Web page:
Have You Been Charged with Receiving Stolen Property?
It is against the law to take property from someone with the intent to permanently deprive them of it. That’s larceny in Virginia, and it can be charged as either a felony or misdemeanor.
However, Virginia law also criminalizes receiving stolen property, which might surprise people. If you receive something that was stolen (i.e. stolen property), you could be arrested and face some very serious penalties. Our Richmond theft crimes attorney explains how to beat these charges.
What Does the Law Criminalize?
Va. Code §18.2-108 is the relevant provision. It makes the following illegal if you know the goods are stolen:
- You buy stolen goods
- You receive stolen goods
- You conceal stolen goods
Even if the person who stole the goods is not prosecuted or convicted, you could be. The law explicitly states that.
Penalties are the same as for larceny and will depend on the value of the stolen goods. If they are worth less than $1,000, you could be facing a misdemeanor charge, which carries up to a year in jail and fines. If the goods are worth $1,000 or more, then you are facing a felony charge.
If you have previous larceny convictions, then you could be looking at even more serious penalties. For example, a third conviction for petit larceny could result in prison time as a felon.
How Can You Defend this Type of Charge?
There are several options for fighting back against these charges, and criminal defendants should not assume that they are automatically going to be convicted. Let’s look at a few.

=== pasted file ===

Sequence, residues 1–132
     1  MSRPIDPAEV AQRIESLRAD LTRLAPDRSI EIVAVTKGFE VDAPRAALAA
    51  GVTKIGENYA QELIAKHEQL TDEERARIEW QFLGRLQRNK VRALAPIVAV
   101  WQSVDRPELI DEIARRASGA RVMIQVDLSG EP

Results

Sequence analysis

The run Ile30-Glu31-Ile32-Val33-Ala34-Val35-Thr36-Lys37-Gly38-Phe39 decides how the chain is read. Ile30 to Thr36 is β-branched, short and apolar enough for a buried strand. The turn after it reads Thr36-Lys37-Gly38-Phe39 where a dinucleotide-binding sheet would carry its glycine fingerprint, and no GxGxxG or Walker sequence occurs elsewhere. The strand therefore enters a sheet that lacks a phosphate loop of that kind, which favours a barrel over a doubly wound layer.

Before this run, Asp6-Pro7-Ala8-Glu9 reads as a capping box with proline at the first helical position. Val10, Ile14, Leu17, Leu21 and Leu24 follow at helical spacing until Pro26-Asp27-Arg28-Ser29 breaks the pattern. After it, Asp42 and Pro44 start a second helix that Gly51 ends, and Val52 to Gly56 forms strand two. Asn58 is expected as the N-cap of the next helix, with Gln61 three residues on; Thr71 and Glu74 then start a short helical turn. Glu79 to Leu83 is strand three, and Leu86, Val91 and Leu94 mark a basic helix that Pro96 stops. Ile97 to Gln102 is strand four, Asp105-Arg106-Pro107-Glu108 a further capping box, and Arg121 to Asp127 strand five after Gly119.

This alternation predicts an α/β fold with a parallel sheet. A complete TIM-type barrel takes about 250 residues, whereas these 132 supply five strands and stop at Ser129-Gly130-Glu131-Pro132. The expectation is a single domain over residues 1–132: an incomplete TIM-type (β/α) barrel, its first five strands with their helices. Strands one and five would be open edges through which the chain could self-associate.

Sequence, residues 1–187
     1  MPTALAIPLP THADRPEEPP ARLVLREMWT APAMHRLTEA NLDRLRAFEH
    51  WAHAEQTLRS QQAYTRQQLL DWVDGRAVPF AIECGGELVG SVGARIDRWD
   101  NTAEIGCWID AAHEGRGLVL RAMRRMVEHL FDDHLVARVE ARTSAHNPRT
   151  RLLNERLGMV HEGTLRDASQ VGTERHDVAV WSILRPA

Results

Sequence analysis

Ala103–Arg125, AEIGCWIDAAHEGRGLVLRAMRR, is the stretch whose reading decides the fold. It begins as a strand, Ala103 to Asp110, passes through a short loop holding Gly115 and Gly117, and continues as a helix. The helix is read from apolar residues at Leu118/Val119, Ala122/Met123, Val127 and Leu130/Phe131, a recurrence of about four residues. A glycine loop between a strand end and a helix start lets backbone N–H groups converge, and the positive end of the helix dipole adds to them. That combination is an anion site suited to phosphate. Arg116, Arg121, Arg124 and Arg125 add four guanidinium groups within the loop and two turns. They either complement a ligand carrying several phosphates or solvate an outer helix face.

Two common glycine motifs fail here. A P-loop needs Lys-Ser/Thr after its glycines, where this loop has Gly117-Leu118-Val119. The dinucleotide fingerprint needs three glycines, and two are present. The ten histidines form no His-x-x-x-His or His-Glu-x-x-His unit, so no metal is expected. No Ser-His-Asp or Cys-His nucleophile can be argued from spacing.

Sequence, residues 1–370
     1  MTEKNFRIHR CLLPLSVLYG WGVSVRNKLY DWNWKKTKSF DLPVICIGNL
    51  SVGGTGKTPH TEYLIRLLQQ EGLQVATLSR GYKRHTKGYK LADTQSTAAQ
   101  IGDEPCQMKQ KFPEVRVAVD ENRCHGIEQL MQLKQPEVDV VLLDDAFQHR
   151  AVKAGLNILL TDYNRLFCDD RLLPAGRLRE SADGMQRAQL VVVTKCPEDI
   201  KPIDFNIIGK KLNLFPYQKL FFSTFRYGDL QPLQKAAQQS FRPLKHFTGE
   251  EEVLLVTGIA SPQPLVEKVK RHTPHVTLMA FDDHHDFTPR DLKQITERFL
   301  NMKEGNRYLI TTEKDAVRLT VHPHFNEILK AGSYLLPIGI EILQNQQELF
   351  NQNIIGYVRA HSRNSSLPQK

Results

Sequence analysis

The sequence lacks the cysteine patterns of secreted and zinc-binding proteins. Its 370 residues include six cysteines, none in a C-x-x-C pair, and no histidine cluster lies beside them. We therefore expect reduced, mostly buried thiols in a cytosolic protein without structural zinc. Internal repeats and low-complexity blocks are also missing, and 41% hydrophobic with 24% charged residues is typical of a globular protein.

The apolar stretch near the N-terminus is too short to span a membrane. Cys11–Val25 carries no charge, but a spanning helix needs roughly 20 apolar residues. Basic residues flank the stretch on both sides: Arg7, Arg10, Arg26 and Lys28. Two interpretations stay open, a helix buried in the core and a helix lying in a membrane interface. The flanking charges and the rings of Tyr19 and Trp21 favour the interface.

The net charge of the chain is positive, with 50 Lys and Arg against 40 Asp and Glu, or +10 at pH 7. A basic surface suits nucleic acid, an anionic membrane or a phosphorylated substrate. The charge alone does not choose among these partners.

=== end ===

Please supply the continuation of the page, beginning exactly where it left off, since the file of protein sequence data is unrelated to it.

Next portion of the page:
First, the goods must have been stolen. This means the prosecutor must prove that someone took them with the intent to permanently deprive the real owner of the property. This step is not as easy as it seems, especially if the thief was not convicted for the crime. If there’s reasonable doubt as to whether the goods were stolen, then you can’t be convicted.
Second, the law requires that you know the goods were stolen. You might go to a flea market and buy something, not knowing whether the seller is the true owner. The law does not require that you investigate whether goods were stolen before buying or receiving them. Because our clients often lack the required mental state, they can successfully defend against this type of criminal charge.
However, if you helped someone steal something and concealed it, then you can more easily be convicted. You also might have reason to suspect goods were stolen. If a ring has someone else’s name engraved on it, then you have reason to be suspicious.
Third, the goods might be worth less than the prosecutor thinks. If they are worth less than $1,000, we can get a felony charge reduced to a misdemeanor.
What Steps Should I Take if Accused of Receiving Stolen Property?
The first thing is to not talk to the police. For example, you might let slip that you suspected the goods were stolen when you bought or received them. This admission is probably not enough, by itself, to convict you, since you don’t know with certainty that they were stolen goods. But the admission does not help you, in any event.
Second, try to reconstruct the circumstances of buying or receiving the goods. What did the seller say to you? Did you have reason to suspect the goods were stolen? How much did you pay? Did you pay market value?
Next, meet with an experienced Richmond theft crimes lawyer to review the charges. At Del Rio Law, PLLC, our attorneys have successfully represented defendants in these types of cases. The prosecutor’s evidence is often weaker than many people realize, and we can fight for the best resolution possible.